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Friday, 7 February 2014

This week: babysitter angst

My husband and I don't go out all that often but when we do, we rely on a  babysitter as we don't have any family nearby. It's always taken our son some time to get used to a babysitter. There have been tears the first few times we have left him with someone but after some time, he gets more comfortable with them and perhaps they both start to learn what each other likes doing and start having more fun together.

Since moving to the house where we live currently, we've used someone who works as a nanny to a friend of our son's. She has lots of experience, she seems fun and she's pleasant and courteous. Our youngest child has always been in bed when she comes over and it's usually been shortly before our son goes to bed so he has only spent short periods of time with her.

This week, I had a rare invitation to join my husband at an art gallery event, through his work. Before children I spent a fair bit of time going to art galleries and museums, viewing exhibitions and have always enjoyed art. Since having children, that has almost completely disappeared from my life so I decided to take up the invitation and we planned to go to dinner afterwards. It meant I would need to leave the house around the children's dinnertime and for the first time ever the babysitter would both be looking after our daughter as well as our son, and also putting her to bed for the first time.

As a bit of preparation for my daughter, I asked the babysitter to come over one afternoon earlier this week while I went to an appointment and she was to play and give them dinner. It went very smoothly with my daughter, she didn't get at all upset when I left, she had fun and was completely at ease.

My son on the other hand, was distraught and crying when I left them! It has been a little while since he had spent some time with the babysitter, as I think the last couple of times she has come after he was in bed but still, she has looked after him quite a number of times and we were both shocked to see him upset. My two-year old daughter looked on in surprise and was hugging and kissing her older brother to cheer him up! He was fine in the end and it didn't last long of course.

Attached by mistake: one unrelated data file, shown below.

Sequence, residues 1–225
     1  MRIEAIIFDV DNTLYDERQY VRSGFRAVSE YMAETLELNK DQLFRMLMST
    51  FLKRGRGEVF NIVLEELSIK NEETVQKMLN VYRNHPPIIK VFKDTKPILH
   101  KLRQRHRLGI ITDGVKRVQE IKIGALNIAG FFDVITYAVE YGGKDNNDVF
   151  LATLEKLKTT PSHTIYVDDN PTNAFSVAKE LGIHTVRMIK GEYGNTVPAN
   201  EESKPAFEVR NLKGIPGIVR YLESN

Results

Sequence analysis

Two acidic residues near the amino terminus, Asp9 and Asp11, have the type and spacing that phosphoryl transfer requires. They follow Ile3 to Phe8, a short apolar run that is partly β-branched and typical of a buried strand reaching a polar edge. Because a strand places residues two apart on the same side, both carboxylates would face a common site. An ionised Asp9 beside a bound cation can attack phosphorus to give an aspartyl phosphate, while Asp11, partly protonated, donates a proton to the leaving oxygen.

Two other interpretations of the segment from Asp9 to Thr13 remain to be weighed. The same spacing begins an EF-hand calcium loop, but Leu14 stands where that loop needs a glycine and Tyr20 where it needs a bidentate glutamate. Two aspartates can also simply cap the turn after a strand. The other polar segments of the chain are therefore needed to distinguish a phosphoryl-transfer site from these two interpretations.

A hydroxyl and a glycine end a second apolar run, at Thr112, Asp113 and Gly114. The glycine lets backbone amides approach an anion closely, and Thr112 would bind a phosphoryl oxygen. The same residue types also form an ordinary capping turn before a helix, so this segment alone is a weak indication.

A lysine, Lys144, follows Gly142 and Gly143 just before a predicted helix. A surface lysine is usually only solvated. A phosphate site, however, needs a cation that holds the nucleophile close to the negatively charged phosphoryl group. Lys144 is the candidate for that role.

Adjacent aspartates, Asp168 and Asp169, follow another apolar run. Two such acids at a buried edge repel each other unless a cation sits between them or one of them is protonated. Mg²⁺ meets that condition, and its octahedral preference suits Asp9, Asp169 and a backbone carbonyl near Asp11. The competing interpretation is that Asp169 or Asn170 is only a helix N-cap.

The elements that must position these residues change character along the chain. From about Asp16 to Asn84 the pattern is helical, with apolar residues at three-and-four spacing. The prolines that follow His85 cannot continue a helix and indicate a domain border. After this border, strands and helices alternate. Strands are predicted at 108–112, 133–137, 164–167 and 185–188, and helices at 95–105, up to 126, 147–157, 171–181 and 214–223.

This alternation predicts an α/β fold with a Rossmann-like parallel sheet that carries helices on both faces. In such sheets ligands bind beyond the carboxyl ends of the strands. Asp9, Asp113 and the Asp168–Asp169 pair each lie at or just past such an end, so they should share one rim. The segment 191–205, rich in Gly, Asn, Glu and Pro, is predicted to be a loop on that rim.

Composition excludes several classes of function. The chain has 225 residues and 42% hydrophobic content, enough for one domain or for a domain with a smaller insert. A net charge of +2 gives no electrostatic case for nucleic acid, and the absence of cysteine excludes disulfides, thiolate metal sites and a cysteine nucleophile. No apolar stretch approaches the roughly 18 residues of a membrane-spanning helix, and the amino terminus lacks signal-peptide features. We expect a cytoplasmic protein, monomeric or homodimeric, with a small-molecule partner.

Later in the week came the day I was going out at their dinner time and the babysitter was putting them both to bed. My husband and I had talked to our son about trying to put on a brave face and being helpful with the babysitter putting his younger sister to bed, as it was the first time anyone other than us had done so. He nodded in agreement and said he would do his best.

I made a nice dinner and some little cakes for pudding/dessert so the babysitter would be giving them something they both liked and something a bit more fun than usual. As soon as she arrived, the tears started again and my son became almost hysterical. I spoke to him and did my best to calm him down, my husband called and spoke to him on the phone, trying to do the same but he was still a mess! I left, not wanting to stay and prolong or worsen the situation for the babysitter but it was hard leaving him like that.

Thankfully after I left the babysitter started sticking stickers on her face and that got him laughing and stopped the tears! He was his usual happy self then for the rest of the evening and she said he was very helpful showing her everything when putting his sister to bed and he read his sister a bedtime story :-).

I'm glad it all worked out ok in the end and am proud of both my children - my daughter for being so great, trusting and happy with a new person looking after her and my son for coming through and being the fabulous big brother he is to his little sister. It does make me a bit sad though that we had to go through the tears and upset at the beginning. My son never shed a tear on his first day at nursery or school, he goes off to friend's houses without me quite happily so I find it hard to understand why he gets so upset in his own home. My husband thinks there probably is no rationale to it and that we almost need to do it more so he can get used to it. He is probably right....

What are your experiences of leaving your children with a babysitter? Did they get upset but were fine after you left? Did one child react very differently to the other, like mine? Do you have any advice for making my son more at ease from the start next time?